Although quite similar with the hold harmless agreement, an indemnity agreement is an arrangement when one party agrees to pay the other party for any damages regardless who is at fault. Additionally, the party who holds harmless another party is commonly required to purchase insurance or obtain a letter of credit. In vicarious liability, principal is liable for the damages caused by an agent while performing duties for the principal. Rationally, this gives principal incentives to choose agents wisely. The difference between an employee and an independent contractor is that if a person performs services that can be controlled by an employer, then that person is not an independent contractor. Legally, employers are not vicariously liable for their independent contractors but with certain exceptions made today, employers can use it to hold them liable. As risk imposes a lot of costs on business and individuals, tradeoffs must be made. Large losses, which are one of the components of cause of risk, can affect indirect losses. Hence, reducing the probability of large losses can lessen indirect losses. Therefore, managers need to consider reduction in expected indirect losses when making risk management decisions. Diversification also has an effect on both direct and indirect losses. Although expected direct losses does not change when diversification occurs, expected indirect losses decreases when diversification occurs because it reduces the maximum probable loss.
Insurance involves paying a premium to the insurer, which consists of pure premium and premium loading. However, insurance is actually a tradeoff for corporations. If a firm is not insured, then there will be an increase in the likelihood of having to raise a new capital. Although raising external capital is costly, if uninsured loss exceeds available internal funds, company can issue equity or borrow against future cash flows to pay the loss if it occurs. Hence, managers must compare premium loading to the expected cost of raising new funds when deciding whether to purchase insurance. Besides, insurance also decreases the likelihood of bankruptcy. Probability of bankruptcy adversely affects the terms at which other claimants contract with the firm. Claimants might require compensation for the expected costs that they would incur if the firm went bankrupt. Other claimants require compensation for the risk of financial distress because they are risk averse and not diversified. Hence, it can be seen that insurance improved the contractual terms between the insurance company and the firm. By decreasing the likelihood of financial distress, the contractual terms with other claimants can be improved and investment incentives of owners of firms may result in underinvestment or overinvestment. Incentive to pass up good projects is considered as underinvestment while incentive to adopt risky bad projects is considered as overinvestment.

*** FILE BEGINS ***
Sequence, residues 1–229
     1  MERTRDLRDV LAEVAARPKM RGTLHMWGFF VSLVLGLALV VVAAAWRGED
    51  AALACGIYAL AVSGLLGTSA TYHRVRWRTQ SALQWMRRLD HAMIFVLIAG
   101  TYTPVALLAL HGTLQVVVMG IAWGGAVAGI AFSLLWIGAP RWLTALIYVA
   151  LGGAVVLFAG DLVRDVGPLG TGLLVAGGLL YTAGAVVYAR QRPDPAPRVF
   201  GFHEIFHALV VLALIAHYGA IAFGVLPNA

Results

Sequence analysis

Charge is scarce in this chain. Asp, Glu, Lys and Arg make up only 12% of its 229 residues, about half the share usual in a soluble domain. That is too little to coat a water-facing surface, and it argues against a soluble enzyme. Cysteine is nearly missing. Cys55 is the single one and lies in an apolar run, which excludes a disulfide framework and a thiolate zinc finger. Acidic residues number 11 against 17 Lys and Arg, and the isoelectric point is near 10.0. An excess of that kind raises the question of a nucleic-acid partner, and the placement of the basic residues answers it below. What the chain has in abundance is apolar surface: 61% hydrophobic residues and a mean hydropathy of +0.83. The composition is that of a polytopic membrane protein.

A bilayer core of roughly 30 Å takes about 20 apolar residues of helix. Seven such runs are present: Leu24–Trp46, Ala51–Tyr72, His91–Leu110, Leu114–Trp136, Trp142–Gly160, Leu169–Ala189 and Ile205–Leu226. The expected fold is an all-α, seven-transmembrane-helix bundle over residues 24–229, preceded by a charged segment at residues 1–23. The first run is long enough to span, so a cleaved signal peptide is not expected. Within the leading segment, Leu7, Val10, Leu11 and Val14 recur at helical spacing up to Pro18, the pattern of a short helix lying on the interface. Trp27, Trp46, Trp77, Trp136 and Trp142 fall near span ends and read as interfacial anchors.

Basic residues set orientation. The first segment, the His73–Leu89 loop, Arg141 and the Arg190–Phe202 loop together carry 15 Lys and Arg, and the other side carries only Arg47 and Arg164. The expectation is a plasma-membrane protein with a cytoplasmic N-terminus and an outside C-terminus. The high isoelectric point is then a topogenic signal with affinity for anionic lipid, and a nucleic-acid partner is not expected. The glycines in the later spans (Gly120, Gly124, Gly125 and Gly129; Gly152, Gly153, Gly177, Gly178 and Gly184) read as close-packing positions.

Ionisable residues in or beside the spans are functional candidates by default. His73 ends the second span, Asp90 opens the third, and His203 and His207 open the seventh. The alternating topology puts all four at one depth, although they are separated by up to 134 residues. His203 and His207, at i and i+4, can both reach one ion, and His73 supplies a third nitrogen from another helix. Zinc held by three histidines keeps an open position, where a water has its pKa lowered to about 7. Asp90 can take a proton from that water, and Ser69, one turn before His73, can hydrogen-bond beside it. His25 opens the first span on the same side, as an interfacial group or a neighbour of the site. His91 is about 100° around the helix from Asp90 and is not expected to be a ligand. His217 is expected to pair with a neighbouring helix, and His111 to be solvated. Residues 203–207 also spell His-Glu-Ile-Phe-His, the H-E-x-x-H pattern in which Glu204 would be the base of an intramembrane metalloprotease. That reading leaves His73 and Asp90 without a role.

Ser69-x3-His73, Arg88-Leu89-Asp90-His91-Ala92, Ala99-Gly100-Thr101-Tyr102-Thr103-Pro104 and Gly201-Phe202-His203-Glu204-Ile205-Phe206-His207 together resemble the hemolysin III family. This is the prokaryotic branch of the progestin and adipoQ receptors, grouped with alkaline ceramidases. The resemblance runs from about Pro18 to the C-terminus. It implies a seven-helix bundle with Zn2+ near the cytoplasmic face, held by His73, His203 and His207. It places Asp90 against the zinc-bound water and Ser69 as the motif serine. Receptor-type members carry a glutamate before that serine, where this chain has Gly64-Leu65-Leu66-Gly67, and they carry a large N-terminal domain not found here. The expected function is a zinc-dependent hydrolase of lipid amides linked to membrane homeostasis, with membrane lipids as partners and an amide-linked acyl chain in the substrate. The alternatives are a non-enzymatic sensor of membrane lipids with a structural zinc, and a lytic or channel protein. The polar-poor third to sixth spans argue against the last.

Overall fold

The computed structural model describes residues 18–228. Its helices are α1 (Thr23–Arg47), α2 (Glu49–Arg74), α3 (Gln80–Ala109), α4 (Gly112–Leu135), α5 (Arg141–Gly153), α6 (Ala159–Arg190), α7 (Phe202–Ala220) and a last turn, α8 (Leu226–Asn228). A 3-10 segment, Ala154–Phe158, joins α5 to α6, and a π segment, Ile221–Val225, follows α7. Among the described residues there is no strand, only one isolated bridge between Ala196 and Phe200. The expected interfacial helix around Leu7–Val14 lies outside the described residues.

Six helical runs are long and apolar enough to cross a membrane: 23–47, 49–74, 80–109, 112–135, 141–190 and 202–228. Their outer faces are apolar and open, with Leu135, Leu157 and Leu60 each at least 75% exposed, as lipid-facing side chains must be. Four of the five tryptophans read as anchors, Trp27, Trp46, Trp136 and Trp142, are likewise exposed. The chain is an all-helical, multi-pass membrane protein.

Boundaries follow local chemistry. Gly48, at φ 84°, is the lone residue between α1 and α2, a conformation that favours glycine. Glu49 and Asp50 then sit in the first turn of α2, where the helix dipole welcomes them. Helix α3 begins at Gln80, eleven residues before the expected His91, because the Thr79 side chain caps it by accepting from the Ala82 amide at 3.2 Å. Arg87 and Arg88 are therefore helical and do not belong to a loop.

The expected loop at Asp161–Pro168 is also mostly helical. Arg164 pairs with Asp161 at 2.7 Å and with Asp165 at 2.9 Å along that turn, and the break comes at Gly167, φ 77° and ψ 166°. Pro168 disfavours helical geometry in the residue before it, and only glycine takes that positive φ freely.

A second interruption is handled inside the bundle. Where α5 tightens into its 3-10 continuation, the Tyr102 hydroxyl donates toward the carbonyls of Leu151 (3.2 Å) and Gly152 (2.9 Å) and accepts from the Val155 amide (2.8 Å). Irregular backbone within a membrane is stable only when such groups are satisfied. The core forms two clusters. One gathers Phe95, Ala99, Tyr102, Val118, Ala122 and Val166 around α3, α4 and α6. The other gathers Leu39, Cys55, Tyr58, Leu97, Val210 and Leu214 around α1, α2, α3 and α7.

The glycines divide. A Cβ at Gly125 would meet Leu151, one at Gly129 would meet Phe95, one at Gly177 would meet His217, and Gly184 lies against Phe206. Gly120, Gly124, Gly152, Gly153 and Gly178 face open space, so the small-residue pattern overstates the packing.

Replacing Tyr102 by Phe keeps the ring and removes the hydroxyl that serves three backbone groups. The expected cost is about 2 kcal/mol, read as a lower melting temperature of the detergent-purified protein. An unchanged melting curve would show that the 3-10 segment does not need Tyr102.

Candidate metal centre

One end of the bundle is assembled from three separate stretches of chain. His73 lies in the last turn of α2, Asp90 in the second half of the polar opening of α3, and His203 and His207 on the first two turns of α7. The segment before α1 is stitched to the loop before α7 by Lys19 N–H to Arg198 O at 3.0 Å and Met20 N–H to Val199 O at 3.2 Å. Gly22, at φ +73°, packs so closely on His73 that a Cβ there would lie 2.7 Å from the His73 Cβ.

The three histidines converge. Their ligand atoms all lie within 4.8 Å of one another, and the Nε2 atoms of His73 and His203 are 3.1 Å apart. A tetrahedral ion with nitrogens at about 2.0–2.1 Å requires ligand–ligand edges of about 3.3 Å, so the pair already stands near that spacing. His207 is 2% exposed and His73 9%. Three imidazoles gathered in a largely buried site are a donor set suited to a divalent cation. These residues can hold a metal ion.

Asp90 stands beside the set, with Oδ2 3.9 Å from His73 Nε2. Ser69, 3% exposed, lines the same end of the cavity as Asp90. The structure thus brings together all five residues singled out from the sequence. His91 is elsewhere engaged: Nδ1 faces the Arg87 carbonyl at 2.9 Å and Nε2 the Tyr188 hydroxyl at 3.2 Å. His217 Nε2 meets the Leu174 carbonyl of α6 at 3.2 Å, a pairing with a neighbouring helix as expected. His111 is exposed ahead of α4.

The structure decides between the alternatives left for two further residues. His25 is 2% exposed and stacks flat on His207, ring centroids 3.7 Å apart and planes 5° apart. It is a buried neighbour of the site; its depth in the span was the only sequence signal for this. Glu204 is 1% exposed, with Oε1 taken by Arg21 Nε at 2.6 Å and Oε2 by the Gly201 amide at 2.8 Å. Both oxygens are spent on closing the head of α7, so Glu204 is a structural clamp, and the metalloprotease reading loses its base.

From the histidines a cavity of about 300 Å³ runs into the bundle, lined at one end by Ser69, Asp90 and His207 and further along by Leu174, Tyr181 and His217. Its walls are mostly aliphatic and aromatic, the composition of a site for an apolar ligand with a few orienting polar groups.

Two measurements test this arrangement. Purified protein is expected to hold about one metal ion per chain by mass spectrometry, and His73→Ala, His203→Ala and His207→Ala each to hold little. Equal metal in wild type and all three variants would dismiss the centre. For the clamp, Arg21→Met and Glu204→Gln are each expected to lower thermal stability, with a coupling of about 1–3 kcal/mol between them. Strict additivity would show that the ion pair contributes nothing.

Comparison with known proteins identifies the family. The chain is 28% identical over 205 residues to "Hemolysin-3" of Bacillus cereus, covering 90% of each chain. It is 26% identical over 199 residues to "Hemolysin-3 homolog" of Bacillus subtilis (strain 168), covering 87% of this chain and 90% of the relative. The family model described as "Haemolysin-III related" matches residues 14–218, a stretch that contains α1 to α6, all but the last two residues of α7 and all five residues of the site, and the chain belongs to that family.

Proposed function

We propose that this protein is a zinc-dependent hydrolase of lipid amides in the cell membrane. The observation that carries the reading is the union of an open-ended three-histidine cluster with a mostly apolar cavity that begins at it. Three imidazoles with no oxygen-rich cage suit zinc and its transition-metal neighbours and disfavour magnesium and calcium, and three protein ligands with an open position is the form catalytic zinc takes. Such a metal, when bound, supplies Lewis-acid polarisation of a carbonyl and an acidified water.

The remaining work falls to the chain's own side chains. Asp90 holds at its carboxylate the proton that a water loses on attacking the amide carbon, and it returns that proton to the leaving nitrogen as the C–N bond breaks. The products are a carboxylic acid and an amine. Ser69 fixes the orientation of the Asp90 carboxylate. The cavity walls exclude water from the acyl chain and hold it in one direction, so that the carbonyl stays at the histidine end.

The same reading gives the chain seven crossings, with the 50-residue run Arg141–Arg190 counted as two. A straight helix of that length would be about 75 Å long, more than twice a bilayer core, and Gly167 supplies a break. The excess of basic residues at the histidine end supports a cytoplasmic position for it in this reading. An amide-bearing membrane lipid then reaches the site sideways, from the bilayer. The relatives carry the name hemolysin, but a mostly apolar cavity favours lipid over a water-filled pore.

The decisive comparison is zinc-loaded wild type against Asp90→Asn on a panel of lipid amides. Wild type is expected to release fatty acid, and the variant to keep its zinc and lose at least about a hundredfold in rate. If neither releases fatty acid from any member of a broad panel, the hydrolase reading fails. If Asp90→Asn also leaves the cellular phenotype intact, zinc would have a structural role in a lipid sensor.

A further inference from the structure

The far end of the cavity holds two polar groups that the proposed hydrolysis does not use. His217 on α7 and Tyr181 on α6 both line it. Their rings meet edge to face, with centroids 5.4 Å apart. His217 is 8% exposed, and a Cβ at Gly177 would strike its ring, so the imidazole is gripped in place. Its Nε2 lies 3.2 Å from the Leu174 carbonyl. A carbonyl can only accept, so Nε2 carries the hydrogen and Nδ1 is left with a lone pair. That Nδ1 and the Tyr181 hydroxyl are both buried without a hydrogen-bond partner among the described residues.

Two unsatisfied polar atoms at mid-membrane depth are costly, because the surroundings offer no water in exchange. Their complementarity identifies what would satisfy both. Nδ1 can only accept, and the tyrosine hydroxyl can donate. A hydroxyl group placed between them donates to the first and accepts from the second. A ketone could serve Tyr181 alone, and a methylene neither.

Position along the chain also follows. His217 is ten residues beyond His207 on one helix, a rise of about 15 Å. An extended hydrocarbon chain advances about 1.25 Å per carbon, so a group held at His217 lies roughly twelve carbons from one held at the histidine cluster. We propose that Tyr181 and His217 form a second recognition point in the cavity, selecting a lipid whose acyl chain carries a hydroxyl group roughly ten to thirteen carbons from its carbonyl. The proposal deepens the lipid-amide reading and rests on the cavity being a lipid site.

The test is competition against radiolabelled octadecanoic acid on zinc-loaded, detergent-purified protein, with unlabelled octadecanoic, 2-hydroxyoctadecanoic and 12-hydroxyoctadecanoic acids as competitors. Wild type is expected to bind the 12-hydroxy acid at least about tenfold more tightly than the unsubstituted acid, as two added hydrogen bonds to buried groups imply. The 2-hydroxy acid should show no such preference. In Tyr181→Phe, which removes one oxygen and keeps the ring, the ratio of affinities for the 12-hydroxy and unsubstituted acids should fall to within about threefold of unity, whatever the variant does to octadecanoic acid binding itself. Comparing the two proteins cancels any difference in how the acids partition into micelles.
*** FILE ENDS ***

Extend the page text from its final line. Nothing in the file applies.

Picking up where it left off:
Buying insurance can decrease the likelihood of financial distress. It decreases the likelihood of underinvestment and overinvestment problem in risky assets. Moreover, insurance also helps to reduce expected tax payments because taxes on earnings with insurance are less than expected taxes without insurance. A firm will have a lower taxable income when tax rate is high and increase taxable income when tax rate is low. Essentially, insurance transfers income to years when firm is taxed at a lower rate. However, it does have an effect on financial accounting. Firms will have more volatile reported income and balance sheet numbers. Less volatility might make assessing managers easier. Above all, by diminishing diversifiable risk, the firm does not only lessen risk for diversified shareholders but also increases shareholder value by reducing the costs of obtaining services and expected tax payments. Management compensation contracts, market for corporate control, monitoring shareholders with large stakes and major creditors may be the several factors that would be expected to motivate managers to maximize shareholder value. But major creditors only rely on the credit rating agencies to monitor the creditworthiness of bonds and similar securities issued by firms. In order to issue bonds and other securities, firms have them rated by one of the three rating agencies – Standard & Poor’s, Moody’s or Fitch. However, these rating agencies have done a very poor job and have been driven by profits and a divergence of interest only.